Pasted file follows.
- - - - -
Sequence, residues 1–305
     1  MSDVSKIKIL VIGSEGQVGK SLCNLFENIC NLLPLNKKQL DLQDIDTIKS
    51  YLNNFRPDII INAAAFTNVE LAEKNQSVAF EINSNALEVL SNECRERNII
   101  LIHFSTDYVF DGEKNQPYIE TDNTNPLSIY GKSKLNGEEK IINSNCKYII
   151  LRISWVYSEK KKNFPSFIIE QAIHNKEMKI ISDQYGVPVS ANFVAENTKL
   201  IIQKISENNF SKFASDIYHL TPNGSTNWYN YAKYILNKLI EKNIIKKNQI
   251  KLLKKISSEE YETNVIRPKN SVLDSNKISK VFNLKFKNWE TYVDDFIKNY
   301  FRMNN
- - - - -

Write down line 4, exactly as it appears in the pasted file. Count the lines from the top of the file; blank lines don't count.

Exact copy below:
   101  LIHFSTDYVF DGEKNQPYIE TDNTNPLSIY GKSKLNGEEK IINSNCKYII